Savings and investment behavior

Traditional Indian society moorings favored living within means. Savings were the pillar of social security for families and driving force of banking behavior. Typically, the Indian salaried class used to own a house at the end of the career out of the savings. The savings paradigm has undergone a fundamental transformation over the last three decades. Ambitious executives splurge their earnings on gadgets and are willing to make early purchase of loan-funded houses, only to live on wafer-thin savings. Credit cards are used by people to live beyond the means. Loans are treated as deferred savings. This distinctly American trend raises disturbing question for the Indian society. At a time when the American society has learnt at great cost the perils of living beyond means on credit the wisdom of Indian society following the disastrous trend is highly debatable. Have banks and financial institutions developed a vested interest in funding the society to profligacy? These questions need to be answered by economists and individuals as well as society in search of security and status.

Savings are meant to be channeled as prudent investments. Investments are to be made keeping in view lifestyle goals for retirement. Investments are to be made in assets to be held over a long time for capital appreciation. Modern trends have turned investment into expenditure and popularized buy-sell transactions as opportunistic short term alternatives to long term investments. With the proliferation of such investment trends America created asset bubbles in housing which shook the global economy to its core. Would not societies be safer by prudential allocation and management of investments? Should mathematical models be allowed to blur rational and logical investment behavior? Should complex instruments like derivatives and opportunistic methodologies such as short sales and day trades be banned? Again, these are critical questions for the stability of economies and societies to be answered by policy makers and market participants.

Ruler and ruled behavior

Rulers come in many forms; employers, companies, leaders, regulators, ministers, administrators, and so on. Correspondingly, ruled also come in more simple forms; employees, followers and citizens. The relationship between the ruled and rulers, or the governors and the governed, determines the equity, strength and stability of the society and polity. The drivers for rulers and the ruled are quite distinct. Rulers whether of corporations or nations are driven by control over resources and power. Ruled, on the other hand, are driven by needs for security and development. Different socio-economic systems and national governance systems sought to develop different methodologies to align the interests of the rulers and the ruled. The welfare states of Sweden and Switzerland represent one end of the spectrum while the controlled state of China represents another end. The purely capitalistic, but democratic, state of USA and the highly fragmented democratic polity of India represent other typical examples.

Totalitarian states provide quick fixes and democratic capitalistic states encourage but also punish excesses while fragmented democratic states are caught in chaotic turmoil of informed and uninformed debate. In the long run, informed democracies align the ruled and rulers better than highly controlled totalitarian states which force the ruled to subjugate free expression in exchange for economic rewards. The challenge for the ruled in democratic states is to gain absolute literacy and awareness and exercise the democratic power to keep the ruled focused on the imperatives of equitable economic growth. If any single factor is holding back India becoming a super economic power, it is neither industry nor infrastructure as commonly hypothesized but it is its inability to achieve complete literacy. The ruled in India which hitherto had a vested interest in keeping literacy at low levels has taken an epoch-making step with the Right to Education (RTE) bill. When the RTE and other education bills are implemented in letter and spirit India will beat all the emerging countries including China to a virtuous superpower status.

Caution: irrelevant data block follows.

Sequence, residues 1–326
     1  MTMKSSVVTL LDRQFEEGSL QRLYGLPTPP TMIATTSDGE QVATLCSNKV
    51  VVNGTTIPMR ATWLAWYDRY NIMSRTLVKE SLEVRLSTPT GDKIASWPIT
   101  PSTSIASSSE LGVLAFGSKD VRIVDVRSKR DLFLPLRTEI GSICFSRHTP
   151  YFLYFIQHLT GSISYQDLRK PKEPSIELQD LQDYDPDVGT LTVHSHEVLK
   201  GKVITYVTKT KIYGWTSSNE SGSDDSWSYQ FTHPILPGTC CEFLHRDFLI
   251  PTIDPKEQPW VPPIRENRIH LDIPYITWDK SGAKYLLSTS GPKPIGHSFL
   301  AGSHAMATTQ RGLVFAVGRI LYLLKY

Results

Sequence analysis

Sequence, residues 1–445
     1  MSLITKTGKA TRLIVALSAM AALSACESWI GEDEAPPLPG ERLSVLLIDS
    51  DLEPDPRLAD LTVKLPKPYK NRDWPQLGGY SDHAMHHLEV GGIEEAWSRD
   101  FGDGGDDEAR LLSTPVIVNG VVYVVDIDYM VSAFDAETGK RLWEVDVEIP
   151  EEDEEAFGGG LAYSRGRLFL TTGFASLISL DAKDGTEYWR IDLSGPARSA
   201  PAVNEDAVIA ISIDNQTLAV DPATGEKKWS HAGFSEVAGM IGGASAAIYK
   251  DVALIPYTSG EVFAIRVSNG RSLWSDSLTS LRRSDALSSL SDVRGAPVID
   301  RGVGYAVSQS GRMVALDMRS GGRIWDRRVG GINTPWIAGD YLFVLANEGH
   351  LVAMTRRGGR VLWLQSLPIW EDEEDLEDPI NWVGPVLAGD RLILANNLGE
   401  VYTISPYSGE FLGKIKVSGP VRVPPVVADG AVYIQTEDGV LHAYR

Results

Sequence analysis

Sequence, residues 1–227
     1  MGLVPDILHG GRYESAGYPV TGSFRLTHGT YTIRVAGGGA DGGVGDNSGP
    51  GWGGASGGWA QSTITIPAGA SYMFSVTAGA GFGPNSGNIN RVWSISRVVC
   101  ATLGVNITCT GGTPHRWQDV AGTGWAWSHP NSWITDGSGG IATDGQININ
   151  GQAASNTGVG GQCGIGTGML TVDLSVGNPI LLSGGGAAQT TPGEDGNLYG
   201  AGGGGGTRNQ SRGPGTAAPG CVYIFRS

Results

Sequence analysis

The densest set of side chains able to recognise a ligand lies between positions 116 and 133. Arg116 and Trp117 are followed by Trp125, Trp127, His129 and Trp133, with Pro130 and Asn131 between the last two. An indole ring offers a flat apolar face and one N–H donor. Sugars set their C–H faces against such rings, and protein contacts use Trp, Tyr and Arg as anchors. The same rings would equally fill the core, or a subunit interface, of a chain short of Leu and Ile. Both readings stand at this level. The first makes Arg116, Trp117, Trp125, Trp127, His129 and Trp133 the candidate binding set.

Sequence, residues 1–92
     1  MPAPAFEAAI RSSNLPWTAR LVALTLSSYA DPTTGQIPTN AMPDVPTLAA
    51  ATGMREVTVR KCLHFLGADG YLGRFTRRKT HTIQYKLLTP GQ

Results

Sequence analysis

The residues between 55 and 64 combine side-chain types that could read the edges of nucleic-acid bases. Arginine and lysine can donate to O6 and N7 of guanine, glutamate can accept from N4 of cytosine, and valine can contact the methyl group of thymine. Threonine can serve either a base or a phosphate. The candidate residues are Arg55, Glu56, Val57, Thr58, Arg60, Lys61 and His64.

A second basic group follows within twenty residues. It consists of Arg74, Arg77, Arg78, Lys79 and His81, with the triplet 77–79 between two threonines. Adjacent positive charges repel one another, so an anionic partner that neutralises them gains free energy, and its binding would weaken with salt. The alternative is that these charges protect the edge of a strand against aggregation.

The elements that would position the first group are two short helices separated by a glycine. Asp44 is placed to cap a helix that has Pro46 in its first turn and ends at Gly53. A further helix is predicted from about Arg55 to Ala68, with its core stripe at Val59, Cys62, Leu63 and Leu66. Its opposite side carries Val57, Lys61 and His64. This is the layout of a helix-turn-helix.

Comparative advantage is more of a human endeavor rather than an economic or industrial endeavor. Individuals and entities in a national system pursue aggressive pursuit of production and consumption patterns on one hand and savings and investment patterns on the other that encourage profligacy. Ruled are unaware of their rights and responsibilities on one hand and their capabilities and potentialities on the other hand. The rulers tend to have a vested interest in achieving a totalitarian control or a democratic fragmentation of these human behavior patterns. All these behaviors need to be harmonized for sustainable comparative advantage. Universal education is the key enabler for a tolerant society and democratic nation as India to discover its full potential through creative intellect rather than regimented labor.

Posted by Dr CB Rao on June 15, 2010

1 comment:

Narayanan said...

A thoughtful commentary on a subject that is arguably a turn-off for non-economists to borrow from Paul Krugman. RTE is long overdue and failure is not an option for India. Trade liberalization tends to be biased in the benefits it brings towards skilled workers therefore it makes eminent sense to build this from the bottom of the pyramid. However, this is also likely to shift workers to the formal labor market from traditional households suggesting potential policy ramifications for implementers of RTE in trying to balance short term pain vs long term gain (i.e., bread today vs cake tomorrow) in the background of poverty, corruption and the like. In addition, although the impact of recession in India has been thought to be minimal, globalization is here to stay. Long term changes to immigration policies in developed countries due to disparities in demographics is also likely to bring with it fair share of challenges and opportunities. Education and training as a sector is attracting investments; an encouraging sign indeed for the long term literacy health of India.